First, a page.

Romania opens F-16 pilot training hub for NATO allies, Ukraine

By Luiza Ilie

FETESTI, Romania (Reuters) – Red is a Romanian fighter pilot with hundreds of flight hours and countless air policing missions on the NATO state’s now retired fleet of MIG21 LanceR jets who will be flying Lockheed Martin F-16 planes as early as December.

On Monday, he and six other Romanian pilots became the first trainees at a NATO military alliance-backed regional F-16 training hub which will also be available to all allies and partners, including Ukraine during its war with Russia.

“I am a little nervous but I expect the nerves to be constructive,” said the 32-year-old pilot, who only identified by his pilot call sign Red, of the transition to flying F-16s.

“At the end of the day it is a fighter jet and we have been flying fighter jets.”

Romania shares a 650-km (400 mile) border with Ukraine, and has seen the conflict approach its borders as Moscow has repeatedly attacked Ukrainian ports across the River Danube.

Last year it agreed to buy 32 second-hand F-16 fighter jets – made by Lockheed Martin Corp LMT.N – from Norway, to add to 17 acquired from Portugal since 2016.

It also plans to spend $6.5 billion to buy 32 latest-generation F-35 fighter planes after 2030.

The European F-16 training centre (EFTC) is hosted at a Romanian military air base near the southeastern town of Fetesti and is using F-16 jets provided by the Netherlands with training support from Lockheed Martin and its contractors.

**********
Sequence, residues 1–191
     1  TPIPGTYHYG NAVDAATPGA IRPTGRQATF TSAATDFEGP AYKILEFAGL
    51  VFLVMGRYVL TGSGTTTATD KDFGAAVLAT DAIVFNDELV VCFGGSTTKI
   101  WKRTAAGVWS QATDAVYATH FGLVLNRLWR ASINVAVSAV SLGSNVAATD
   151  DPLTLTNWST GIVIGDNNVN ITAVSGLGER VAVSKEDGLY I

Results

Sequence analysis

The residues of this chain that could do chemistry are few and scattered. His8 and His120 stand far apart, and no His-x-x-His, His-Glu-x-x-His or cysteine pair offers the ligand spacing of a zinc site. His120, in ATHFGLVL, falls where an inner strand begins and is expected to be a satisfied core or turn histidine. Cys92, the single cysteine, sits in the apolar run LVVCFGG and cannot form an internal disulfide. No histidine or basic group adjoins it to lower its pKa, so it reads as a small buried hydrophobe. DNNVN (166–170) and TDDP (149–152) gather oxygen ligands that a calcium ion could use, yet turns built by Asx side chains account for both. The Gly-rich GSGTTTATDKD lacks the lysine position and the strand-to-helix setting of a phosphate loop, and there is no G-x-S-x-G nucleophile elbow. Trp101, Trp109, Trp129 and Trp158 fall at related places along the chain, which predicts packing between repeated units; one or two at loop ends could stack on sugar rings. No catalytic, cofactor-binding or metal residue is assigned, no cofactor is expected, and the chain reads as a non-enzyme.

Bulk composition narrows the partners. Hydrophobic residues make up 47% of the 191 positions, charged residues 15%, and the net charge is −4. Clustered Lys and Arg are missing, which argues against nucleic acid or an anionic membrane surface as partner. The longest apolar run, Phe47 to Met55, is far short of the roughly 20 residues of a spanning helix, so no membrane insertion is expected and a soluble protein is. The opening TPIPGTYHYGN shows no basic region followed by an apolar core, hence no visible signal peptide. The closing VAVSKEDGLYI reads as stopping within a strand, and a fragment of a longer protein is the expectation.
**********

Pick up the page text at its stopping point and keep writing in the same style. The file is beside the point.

The hub could start training Ukrainian pilots as early as next year, Dutch Colonel Olivier Bok said.

“The intent is to also train Ukrainian pilots,” Bok said, adding the timeline had yet to be agreed with Romanian officials, “but I would say at the beginning of next year.”

In August, the United States approved sending F-16 fighter jets to Ukraine from Denmark and the Netherlands to defend against Russian invaders as soon as pilot training was completed. Ukraine has actively sought the U.S.-made F-16 fighter jets to help it counter Russian air superiority.

“I really see the need for them to get the F-16s,” Bok said.

While some Ukrainian pilots were already being trained in Denmark and the U.S., Bok said Romania was “closer to home and more or less the same scene.”

Asked when the Netherlands would be sending F-16s to Ukraine, Dutch Defence Minister Kajsa Ollongren, who was present at the hub’s launch, said it depended on preparations on the Ukrainian side.

“They have to have trained pilots, they have to have maintenance personnel, they have to have the infrastructure in place and we also have to coordinate with our partner and with the U.S. because it is an American capability.”

(Reporting by Luiza Ilie; Editing by Andrew Cawthorne)